Tuesday, August 19, 2008

The Glass Castle

The Glass Castle by Jeannette Walls is the convocation book of our university this year. I even enrolled as a volunteer for one of the discussion sessions with freshmen. Well, this was before I read the memoir.

The Glass Castle is a memoir, or so claims its author. As recent studies in this highly popular in the US genre have revealed, there is a lot more than just a simple reflection of memories and real-case situations in most of the memoir texts. So is perhaps the case with The Glass Castle. The suspicion sneaks from the very first pages of the book where the author starts her story by recalling intricate details about events that happened to her when she was three. Let alone the colorful colloquial language which her father uses and she is able to reproduce so well. Stylistically speaking, the embellishment with details of any memory is necessary for the purpose of the effective story-telling. This brings me to the contradiction with this simple rule of thumb. Wall's technique of the first-person telling is apparently interesting and seemingly innovative to many of the thousand American owners of copies of The Glass Castle; however, the choice of the first-person narrator has its limitations which need to be observed for the preservation of a truthful voice. The voice of the first person in the book lacks the distinction between the three-year old and the ten-year old girl; it could be equally trustful if Wall's has decided to give the three-year old girl less narrative skills.

If one can let the flaws of the narrative voice slide by, he will find interesting the changing attitude of the little girl to her parents. In the beginning, Walls trusts everything her parents do and tries to justify it based on the maxima that whatever your parents do is right. Later on in the novel, she tries to control her father's behavior and using his love for her, ask him to stop drinking. In the end, Walls is able to utilize judgmental criteria from the world outside her family to form her standpoint and detach herself from the values of her parents. The first meeting of the reader with her portrays Walls as a grown-up woman living in a fancy Manhattan apartment who sees her mother digging in the dumpster. Walls's lifestyle has changed together with her values while her parents have preserved their principles and still live by them. And there are principles that guide her parents' lifestyle. For I talked to a lot of people who could not even read the book because of the terrible treatment of the parents. I argue that in fact, Jeannette Walls's parents did love their kids and were even educating them so that they could be self-sufficient and able to cope on their own. Love and education certainly have different definitions in this argument. I am still impressed by the fact that both parents were readers and they would spend a good amount of time reading and in the mother's case, painting pictures.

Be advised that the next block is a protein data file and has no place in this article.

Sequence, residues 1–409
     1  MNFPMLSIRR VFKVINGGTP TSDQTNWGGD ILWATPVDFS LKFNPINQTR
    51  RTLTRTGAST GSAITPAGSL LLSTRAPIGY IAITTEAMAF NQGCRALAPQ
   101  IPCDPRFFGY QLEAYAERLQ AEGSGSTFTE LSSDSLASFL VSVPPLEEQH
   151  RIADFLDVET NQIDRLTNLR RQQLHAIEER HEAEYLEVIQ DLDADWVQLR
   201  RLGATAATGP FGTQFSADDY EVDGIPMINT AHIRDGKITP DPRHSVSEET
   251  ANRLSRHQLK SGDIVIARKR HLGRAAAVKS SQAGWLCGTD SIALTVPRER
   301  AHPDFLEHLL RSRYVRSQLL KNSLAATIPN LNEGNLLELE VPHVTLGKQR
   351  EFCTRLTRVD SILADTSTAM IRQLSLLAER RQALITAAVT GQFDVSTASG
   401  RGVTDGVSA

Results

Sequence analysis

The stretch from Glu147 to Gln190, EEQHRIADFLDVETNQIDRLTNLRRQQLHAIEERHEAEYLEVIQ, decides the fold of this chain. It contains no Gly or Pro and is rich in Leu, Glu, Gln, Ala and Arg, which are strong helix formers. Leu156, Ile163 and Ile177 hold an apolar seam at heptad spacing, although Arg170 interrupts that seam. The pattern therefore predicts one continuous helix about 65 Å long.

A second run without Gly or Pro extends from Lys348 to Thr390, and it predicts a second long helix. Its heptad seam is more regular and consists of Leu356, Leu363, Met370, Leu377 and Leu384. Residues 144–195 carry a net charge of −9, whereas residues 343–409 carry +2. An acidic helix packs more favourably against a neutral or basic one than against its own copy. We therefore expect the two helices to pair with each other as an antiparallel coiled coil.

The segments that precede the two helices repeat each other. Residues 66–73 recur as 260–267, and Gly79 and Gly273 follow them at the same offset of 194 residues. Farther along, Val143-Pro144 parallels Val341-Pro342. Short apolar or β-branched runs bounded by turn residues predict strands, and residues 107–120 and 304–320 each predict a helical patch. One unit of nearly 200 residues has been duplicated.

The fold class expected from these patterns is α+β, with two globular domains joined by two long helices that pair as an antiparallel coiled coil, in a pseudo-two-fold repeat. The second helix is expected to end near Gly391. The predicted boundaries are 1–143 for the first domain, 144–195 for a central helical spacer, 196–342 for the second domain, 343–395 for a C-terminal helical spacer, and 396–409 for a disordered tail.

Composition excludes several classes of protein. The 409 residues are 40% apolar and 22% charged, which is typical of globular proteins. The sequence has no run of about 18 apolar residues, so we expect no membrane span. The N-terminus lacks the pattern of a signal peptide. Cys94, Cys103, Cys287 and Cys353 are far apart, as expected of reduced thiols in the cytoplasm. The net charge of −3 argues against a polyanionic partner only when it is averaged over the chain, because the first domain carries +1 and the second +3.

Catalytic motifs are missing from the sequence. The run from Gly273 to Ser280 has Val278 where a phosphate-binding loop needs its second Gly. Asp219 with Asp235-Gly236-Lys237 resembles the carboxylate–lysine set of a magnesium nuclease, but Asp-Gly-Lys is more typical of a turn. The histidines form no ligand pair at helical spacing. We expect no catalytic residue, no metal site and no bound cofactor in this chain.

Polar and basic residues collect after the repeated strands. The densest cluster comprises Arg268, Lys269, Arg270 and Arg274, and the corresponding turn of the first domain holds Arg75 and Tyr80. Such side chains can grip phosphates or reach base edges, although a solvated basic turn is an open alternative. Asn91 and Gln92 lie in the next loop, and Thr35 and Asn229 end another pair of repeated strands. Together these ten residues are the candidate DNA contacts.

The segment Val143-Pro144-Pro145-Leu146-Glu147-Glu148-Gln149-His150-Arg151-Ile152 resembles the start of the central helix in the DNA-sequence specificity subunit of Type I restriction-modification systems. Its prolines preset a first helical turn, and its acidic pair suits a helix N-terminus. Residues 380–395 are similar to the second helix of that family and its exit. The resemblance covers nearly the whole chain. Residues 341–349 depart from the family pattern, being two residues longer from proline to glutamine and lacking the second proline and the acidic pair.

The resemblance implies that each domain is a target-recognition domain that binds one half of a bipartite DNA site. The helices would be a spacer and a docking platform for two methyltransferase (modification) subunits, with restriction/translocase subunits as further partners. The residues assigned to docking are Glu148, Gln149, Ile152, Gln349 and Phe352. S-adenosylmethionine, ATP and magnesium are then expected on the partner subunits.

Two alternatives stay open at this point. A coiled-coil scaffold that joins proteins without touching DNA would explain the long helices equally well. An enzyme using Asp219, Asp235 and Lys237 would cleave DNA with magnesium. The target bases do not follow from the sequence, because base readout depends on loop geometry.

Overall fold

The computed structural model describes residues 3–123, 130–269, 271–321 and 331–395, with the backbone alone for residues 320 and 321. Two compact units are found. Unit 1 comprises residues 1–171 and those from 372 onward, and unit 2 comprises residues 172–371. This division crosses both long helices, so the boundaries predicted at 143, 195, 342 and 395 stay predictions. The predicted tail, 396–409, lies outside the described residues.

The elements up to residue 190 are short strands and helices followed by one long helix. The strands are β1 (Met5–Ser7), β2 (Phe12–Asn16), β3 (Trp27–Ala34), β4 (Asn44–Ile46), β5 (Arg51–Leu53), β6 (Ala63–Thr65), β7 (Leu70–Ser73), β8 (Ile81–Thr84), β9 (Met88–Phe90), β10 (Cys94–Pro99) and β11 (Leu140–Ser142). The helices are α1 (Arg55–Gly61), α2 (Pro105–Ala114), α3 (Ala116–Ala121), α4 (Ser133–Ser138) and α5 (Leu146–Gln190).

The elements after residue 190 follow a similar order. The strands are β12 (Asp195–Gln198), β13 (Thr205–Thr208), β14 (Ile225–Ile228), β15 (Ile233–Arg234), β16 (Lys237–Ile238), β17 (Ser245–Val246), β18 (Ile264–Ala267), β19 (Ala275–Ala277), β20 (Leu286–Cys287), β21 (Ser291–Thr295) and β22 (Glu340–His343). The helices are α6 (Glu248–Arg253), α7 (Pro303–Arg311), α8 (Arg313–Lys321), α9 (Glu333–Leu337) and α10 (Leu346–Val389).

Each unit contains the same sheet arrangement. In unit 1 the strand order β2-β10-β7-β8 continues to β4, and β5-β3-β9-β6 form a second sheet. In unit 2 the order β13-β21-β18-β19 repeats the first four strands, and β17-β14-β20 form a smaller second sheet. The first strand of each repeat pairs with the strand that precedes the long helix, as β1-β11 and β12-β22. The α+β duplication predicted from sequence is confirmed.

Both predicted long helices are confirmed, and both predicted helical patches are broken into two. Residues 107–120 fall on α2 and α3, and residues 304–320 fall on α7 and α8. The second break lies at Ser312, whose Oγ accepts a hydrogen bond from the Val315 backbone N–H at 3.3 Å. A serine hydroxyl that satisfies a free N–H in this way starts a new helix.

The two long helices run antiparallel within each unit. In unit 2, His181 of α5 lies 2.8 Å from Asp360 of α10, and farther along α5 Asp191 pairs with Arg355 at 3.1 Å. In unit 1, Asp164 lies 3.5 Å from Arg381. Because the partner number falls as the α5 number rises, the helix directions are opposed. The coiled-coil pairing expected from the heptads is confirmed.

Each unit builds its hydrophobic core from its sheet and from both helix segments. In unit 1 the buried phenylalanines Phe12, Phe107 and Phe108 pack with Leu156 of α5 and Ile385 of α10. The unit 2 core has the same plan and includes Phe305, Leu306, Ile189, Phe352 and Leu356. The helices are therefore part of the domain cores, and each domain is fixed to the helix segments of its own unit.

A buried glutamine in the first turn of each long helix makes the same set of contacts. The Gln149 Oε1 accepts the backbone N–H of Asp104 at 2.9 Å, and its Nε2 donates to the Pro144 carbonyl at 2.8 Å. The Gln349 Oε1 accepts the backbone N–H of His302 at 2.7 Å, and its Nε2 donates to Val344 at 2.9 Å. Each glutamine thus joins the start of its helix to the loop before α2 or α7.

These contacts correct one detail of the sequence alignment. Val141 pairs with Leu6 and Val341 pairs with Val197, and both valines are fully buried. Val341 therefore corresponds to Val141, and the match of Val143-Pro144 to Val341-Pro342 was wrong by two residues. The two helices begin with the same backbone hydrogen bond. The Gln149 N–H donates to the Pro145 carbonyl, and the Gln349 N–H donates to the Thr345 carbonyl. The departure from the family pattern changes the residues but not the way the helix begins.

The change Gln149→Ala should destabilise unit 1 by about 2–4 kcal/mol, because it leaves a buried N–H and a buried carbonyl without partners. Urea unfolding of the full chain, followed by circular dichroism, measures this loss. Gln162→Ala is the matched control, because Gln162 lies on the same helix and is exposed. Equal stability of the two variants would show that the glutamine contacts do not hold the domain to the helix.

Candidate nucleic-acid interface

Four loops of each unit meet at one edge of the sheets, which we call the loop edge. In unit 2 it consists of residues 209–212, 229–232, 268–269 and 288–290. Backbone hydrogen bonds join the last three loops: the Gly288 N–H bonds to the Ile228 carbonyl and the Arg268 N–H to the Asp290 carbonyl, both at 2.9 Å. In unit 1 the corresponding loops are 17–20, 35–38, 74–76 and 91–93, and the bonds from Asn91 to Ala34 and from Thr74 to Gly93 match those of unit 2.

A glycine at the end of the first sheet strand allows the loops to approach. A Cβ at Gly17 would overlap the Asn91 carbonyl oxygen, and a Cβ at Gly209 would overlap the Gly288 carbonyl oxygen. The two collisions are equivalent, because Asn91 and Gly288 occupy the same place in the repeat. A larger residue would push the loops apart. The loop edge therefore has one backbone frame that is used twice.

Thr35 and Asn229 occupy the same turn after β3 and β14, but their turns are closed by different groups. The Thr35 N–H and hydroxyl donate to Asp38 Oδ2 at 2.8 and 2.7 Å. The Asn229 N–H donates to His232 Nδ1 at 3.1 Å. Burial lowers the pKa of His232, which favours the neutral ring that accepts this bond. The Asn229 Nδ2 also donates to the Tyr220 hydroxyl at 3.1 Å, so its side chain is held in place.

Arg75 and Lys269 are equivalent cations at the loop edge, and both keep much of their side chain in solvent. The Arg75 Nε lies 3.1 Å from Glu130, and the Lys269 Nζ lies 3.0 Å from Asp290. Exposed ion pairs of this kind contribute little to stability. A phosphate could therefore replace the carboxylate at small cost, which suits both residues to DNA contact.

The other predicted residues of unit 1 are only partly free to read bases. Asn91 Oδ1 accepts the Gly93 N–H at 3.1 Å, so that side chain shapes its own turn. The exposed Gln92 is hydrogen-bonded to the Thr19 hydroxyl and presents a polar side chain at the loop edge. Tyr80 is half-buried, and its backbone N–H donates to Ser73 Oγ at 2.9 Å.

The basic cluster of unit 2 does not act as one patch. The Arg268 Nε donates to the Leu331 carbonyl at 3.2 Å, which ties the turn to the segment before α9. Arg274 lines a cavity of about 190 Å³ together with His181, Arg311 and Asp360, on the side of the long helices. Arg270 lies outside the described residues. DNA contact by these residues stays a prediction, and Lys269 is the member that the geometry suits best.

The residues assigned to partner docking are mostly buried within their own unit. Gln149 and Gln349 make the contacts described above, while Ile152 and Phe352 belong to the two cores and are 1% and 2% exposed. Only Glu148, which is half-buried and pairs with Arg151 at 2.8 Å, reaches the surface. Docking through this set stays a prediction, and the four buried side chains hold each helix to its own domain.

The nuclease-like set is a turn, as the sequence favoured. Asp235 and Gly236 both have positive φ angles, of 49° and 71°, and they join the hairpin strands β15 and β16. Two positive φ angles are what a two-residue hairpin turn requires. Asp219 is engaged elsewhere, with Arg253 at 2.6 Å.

In the end, I do want to lead the discussion designed for freshmen at the beginning of the school year but I am afraid of several misconceptions that I might be ask to take as granted. First, there is no need to completely discard the attempts for education of Jeannette's parents especially since one of the results is The Glass Castle. I wonder how many if any of these freshmen will ever write a book in their lifetime. Second, there have been a lot of comments (go to Amazon and see how many of the 1,091 reviewers contend that!) about the incredible survival skills and the achievements of Walls despite her origin. At this spot people either sign and admit they cannot even read the book or they simply say (unbelievable!) that they assumed that most kids were raised like they were and they couldn't possibly imagine there were children with such difficult childhood. Well, we are talking here mostly about American white middle class audience. Needless to say, those who have had Jeannette Walls's experience rarely get the chance to write a review on Amazon nor on any other website simply because they perhaps have never used a computer or they are way too busy in their Wall Street jobs. Walls has achieved a lot but it is neither despite the educational attempts of her parents, nor she is the only one to have done so. So, people, do not any more try to come up to me and tell me about how you could not read the book since you just cannot stand Walls's parents. How did yours educate you and if they were better, when is your book coming out?